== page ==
- A student’s name must NOT appear on the entry itself but rather on a separate cover sheet.
- Students must submit a short 100-word bio and an Official Entry Form with each entry.
- Students should submit a high resolution, headshot photograph.
- The deadline cannot be extended, and entries received after the deadline will not be considered. Since the winning entries appear within Tribal College Journal and/or at TCJStudent.org, we must adhere to our publishing schedule.
- Entries must not have been previously published or premiered, excepting those published on TCJStudent.org or premiered at the AIHEC student conference during the current academic year.
- Entries submitted to the TCJ writing, art, and film contest in past years will not be accepted.
- Entries not conforming to contest rules will be disqualified.
- Entries must be emailed as attachments in Microsoft Word. Use 12 point Times New Roman font only, double space entries, and include the writing category in the upper right corner of the first page.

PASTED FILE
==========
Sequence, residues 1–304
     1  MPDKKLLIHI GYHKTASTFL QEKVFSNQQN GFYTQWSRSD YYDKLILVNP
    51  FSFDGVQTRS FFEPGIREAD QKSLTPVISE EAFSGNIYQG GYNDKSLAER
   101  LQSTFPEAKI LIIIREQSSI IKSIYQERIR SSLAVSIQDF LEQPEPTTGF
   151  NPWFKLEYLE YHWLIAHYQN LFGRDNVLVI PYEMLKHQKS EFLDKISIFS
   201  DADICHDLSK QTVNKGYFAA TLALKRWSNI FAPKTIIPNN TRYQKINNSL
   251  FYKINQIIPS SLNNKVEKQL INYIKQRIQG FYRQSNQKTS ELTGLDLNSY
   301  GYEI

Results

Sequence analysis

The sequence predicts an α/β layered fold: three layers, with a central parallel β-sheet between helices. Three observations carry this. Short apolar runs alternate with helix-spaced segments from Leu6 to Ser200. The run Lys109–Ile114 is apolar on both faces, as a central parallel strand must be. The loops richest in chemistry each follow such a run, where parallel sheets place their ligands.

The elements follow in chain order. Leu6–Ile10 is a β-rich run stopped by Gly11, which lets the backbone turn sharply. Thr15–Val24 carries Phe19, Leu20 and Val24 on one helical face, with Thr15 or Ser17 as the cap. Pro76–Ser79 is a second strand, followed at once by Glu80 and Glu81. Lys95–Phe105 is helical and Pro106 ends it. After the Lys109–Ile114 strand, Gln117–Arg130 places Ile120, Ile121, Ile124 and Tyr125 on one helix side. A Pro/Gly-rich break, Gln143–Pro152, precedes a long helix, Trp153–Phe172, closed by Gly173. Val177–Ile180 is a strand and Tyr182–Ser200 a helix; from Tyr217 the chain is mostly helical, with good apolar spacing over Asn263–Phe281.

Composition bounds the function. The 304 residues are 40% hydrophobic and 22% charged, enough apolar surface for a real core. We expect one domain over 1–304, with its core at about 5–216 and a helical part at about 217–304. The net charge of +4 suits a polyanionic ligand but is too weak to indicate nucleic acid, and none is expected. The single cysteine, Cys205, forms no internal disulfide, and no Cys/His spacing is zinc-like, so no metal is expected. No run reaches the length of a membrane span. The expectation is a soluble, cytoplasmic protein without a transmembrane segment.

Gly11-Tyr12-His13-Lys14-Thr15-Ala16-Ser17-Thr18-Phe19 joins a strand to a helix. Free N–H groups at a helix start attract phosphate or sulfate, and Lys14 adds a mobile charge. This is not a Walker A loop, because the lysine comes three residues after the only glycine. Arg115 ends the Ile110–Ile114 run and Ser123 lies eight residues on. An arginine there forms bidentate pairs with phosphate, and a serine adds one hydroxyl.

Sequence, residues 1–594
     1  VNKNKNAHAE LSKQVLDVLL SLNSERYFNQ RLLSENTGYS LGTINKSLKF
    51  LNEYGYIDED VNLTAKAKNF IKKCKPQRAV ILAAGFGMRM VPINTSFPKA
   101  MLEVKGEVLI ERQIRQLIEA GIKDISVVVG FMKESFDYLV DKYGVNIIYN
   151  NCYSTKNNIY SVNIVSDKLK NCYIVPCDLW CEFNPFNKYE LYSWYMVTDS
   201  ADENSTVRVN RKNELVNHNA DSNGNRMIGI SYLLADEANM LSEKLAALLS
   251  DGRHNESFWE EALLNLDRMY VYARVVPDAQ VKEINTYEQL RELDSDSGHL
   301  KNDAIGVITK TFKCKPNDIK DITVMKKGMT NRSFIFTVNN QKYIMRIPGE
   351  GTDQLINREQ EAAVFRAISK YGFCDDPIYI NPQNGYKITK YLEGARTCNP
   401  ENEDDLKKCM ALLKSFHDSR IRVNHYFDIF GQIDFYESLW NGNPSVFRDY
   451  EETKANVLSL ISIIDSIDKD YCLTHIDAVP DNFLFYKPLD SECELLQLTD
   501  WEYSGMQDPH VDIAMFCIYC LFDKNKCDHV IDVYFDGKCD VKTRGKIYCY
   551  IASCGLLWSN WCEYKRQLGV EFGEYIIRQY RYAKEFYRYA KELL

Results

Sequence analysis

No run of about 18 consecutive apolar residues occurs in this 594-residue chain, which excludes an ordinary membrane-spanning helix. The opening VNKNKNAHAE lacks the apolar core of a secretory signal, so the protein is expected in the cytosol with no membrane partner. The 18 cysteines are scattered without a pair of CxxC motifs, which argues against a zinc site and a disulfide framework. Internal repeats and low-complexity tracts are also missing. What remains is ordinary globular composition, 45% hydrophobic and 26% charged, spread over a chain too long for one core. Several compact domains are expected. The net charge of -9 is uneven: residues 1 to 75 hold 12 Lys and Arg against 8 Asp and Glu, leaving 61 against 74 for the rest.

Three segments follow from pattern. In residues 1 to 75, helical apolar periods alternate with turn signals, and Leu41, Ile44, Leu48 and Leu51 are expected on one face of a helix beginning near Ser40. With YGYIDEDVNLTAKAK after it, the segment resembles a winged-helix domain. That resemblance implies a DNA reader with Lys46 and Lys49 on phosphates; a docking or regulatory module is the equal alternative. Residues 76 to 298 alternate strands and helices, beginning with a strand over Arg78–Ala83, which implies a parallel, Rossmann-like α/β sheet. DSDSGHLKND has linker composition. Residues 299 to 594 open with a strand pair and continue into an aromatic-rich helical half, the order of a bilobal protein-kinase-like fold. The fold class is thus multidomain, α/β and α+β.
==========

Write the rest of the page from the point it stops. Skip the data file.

- Maximum Length: 1,000 words (about four double-spaced pages). Entries over 1,000 words will not be considered.
- Entries containing passages in a Native language must be accompanied with an English translation and an appropriate Native language font when necessary.
- Only one entry will be accepted from each student per writing category.
- A separate TCJ Official Entry Form must accompany each entry.
- TCJ may edit submissions for space, style, or appropriateness.
- Email attached high resolution images of your artwork. The image itself can be the art form (painting, drawing, or photograph) or it can be a photograph of a three-dimensional object, such as a sculpture. High resolution means we must have a jpeg attachment that is at least 300 dpi/ppi or that has a file size of at least 2 MB.
- Up to two entries will be accepted from each student.